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Ex-Dictator's Return Stirs Rage in Guatemala

June 15, 2003|T. Christian Miller | Times Staff Writer

GUATEMALA CITY — It's difficult to imagine a presidential candidate with more negatives than retired Gen. Efrain Rios Montt.

Human rights groups accuse the former dictator of committing genocide during Guatemala's brutal civil war. The nation's Supreme Court has twice barred him from running for office. Opponents say corrupt government officials have stolen more than $450 million during the years he and his party controlled Congress.

Even the U.S. State Department, usually reluctant to get involved in another country's domestic affairs, has attacked, saying it would be "difficult" to have normal diplomatic relations with Guatemala if he is elected.

The deep-seated anger that many voters feel toward him was all too evident Saturday, when a mob of mostly Maya Indians, many of whom lost loved ones in massacres that occurred during Rios Montt's dictatorship, rioted and hurled stones at the former general when he arrived to meet with supporters in the highland town of Rabinal. Rios Montt was not seriously injured but had to be whisked away from the scene by his bodyguards.

"What happened today is moral revenge for us, the victims of the war"' Jesus Tecu, a protester, told Associated Press. Tecu said both his parents were killed in Rabinal in the early 1980s by civilian patrols allied with the army. Neither Rios Montt nor his advisors could be reached for comment.

Still, many analysts believe that despite his low standing in polls, legal hurdles and his political party's tarnished reputation, Rios Montt could again become the leader of his troubled country in November's elections.

"The General," as he is universally referred to here, is a legendary figure, one of the last of the caudillos, or strongmen, who dominated the Latin American political scene for most of the 20th century.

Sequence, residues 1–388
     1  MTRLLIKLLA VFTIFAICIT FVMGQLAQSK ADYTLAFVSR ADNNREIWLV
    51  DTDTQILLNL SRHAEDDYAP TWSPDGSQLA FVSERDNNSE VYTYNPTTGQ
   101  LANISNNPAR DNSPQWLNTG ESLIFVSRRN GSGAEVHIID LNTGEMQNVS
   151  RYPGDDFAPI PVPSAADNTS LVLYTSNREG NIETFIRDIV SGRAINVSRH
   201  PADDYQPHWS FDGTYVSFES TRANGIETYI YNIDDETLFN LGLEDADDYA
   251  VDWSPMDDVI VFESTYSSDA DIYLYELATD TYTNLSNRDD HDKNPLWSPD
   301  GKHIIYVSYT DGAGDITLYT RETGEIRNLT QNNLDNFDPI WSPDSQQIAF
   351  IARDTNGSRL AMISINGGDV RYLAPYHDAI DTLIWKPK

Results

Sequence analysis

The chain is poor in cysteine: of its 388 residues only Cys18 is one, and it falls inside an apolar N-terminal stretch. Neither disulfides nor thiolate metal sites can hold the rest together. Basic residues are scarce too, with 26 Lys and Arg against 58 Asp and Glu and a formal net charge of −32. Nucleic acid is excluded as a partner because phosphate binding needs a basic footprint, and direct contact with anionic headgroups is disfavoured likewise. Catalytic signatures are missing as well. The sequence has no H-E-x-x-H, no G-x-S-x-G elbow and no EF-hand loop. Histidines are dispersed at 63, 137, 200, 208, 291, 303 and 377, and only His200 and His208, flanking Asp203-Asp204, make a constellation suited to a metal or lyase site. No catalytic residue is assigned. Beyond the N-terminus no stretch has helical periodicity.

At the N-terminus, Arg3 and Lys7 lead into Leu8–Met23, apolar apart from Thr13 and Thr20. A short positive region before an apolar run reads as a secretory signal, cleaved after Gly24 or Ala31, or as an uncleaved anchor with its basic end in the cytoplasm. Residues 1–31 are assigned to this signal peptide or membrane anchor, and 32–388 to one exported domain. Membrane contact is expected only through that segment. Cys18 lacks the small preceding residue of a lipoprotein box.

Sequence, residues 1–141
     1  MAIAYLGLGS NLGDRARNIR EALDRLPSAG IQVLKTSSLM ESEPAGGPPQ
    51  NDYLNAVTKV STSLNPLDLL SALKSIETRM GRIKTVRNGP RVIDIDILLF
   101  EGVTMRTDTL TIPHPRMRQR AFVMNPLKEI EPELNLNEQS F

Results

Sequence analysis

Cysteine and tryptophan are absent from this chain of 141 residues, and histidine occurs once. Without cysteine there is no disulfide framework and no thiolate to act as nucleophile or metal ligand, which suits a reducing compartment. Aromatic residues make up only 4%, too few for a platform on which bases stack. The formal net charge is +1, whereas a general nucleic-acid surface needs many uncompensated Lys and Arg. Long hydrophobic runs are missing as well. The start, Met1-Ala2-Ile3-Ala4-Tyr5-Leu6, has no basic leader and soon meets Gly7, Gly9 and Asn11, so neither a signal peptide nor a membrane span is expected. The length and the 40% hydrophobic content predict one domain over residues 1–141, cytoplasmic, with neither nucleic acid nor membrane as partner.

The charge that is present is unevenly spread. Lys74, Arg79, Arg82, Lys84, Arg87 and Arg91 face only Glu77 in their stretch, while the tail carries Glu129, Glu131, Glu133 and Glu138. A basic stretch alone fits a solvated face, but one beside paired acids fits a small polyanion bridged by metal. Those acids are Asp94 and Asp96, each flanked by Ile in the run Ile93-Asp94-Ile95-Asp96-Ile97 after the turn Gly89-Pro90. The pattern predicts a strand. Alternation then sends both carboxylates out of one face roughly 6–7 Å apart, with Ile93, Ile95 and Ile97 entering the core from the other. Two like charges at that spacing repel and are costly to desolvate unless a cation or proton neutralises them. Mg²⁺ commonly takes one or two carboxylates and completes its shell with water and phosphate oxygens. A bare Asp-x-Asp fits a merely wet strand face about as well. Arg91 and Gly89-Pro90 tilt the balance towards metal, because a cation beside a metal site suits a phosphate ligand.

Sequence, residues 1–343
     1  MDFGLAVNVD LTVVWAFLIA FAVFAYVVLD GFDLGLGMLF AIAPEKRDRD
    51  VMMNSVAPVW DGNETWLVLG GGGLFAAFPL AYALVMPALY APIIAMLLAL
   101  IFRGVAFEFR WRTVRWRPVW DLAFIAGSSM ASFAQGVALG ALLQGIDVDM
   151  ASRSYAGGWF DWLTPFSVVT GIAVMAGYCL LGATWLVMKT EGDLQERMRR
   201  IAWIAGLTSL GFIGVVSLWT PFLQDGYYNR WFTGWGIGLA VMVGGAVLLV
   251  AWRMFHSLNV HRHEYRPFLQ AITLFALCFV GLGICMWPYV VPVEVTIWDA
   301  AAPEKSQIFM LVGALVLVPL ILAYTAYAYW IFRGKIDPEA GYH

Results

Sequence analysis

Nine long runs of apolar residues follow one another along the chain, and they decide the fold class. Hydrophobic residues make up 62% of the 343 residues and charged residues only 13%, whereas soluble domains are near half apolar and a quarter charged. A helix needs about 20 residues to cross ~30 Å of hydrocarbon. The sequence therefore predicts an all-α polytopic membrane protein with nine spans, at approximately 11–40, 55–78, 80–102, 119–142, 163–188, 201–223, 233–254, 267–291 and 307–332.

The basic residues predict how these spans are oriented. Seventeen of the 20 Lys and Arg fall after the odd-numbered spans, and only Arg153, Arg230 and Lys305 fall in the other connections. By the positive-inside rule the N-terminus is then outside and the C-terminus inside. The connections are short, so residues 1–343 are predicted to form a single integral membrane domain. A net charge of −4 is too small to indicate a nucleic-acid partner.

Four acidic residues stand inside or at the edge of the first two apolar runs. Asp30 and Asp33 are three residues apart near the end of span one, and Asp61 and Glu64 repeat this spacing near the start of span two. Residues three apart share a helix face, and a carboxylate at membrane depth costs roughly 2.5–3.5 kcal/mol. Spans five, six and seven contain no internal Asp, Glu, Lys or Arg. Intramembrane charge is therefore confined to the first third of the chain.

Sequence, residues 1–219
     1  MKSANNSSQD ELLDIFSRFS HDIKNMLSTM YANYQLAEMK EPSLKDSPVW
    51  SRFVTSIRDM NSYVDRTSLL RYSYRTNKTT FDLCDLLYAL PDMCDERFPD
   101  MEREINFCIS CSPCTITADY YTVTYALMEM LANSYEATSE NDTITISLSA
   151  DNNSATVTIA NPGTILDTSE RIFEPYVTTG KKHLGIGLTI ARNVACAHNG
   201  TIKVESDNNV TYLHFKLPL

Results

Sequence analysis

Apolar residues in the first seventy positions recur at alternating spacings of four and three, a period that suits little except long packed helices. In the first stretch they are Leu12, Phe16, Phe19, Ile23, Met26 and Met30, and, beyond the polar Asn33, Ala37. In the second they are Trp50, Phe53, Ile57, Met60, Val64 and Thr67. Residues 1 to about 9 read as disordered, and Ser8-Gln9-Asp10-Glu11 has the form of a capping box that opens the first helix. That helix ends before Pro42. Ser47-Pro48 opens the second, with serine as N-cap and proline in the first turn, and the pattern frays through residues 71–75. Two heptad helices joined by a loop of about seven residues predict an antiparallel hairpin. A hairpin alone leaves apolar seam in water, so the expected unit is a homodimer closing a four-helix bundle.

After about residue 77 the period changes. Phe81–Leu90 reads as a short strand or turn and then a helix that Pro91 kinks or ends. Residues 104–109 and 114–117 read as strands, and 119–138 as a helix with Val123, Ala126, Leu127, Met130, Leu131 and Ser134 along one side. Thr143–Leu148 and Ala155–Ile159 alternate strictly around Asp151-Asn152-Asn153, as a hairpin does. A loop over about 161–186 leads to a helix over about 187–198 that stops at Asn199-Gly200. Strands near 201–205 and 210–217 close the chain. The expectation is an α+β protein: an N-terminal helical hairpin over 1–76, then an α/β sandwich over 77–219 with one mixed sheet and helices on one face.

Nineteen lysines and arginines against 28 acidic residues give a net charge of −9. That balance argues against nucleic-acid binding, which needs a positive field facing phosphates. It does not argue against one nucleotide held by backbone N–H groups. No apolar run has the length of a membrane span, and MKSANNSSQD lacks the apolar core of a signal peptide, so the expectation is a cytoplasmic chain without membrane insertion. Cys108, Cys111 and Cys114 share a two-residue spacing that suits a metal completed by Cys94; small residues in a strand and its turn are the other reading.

In a rare interview in his office in Guatemala's dilapidated Congress a week before Saturday's incident, Rios Montt perched on the edge of his seat. He delivered answers rapid-fire -- mixing blunt language with the careful hedging of a practiced politician. He seemed filled with a restless energy, his eyes alert, his back straight. There was a battle ahead, and he was eager to take the field.

"I am not afraid, not at all," Rios Montt, who will turn 77 on June 16, said of the obstacles ahead. "If the people want a president, they will have to live and coexist with certain limitations and certain problems."

Perhaps only in Guatemala, still haunted by the past, could someone like Rios Montt hope to win the presidency.

His first foray into politics in 1974 was a disaster. Picked by a coalition of left-leaning parties to run against the military's favorite candidate, he lost in an election widely believed to be tainted by fraud.

Sent into de facto exile in Spain as a military attache, Rios Montt returned in 1977 to join an evangelical church, the Church of the Word, which was tied to the Eureka, Calif.-based Gospel Outreach Church.

The born-again Christian was working as a religion teacher when he was called into politics a second time in March 1982 by a group of young military officers who had overthrown the repressive regime of Gen. Fernando Romeo Lucas Garcia. Rios Montt was himself overthrown 16 months later in another coup.

Rios Montt portrayed his brief dictatorship as the beginning of the end of military repression. The guerrillas were brought under control. Security returned to the countryside. He delivered weekly morality sermons.

Hundreds of thousands of rural poor and indigenous Mayas were conscripted to join Civil Self-Defense Patrols, paramilitary groups that later became the base of Rios Montt's political support.

"When I arrived in the government, we began a change in the state," he said. "We realized that it shouldn't be the state of a single boss, the state of a regent, the state of a king, but a state that guarantees the rule of law, a state that serves."

That vision contrasts markedly with reports by human rights groups, the Catholic Church and the United Nations-sponsored Truth Commission, formed after peace accords were finally signed in 1996.

They depict Rios Montt's time in office as part of the bloodiest period of Guatemala's 36-year-long civil war. Half of the nearly 700 massacres that took place during the conflict happened during the regimes of Lucas Garcia and Rios Montt. The patrols that Rios Montt created were accused of committing some of the worst atrocities.

Rios Montt said he was ignorant of any genocide, adding that he can neither confirm nor deny that the army or the civil patrols ever committed massacres. And he is emphatic in insisting that he never ordered any such actions.

At the same time, he admits that the U.S. Embassy at the time informed him of "some incidents" that were going on, and that he passed on orders to his then-defense minister to make sure no excesses had been committed.

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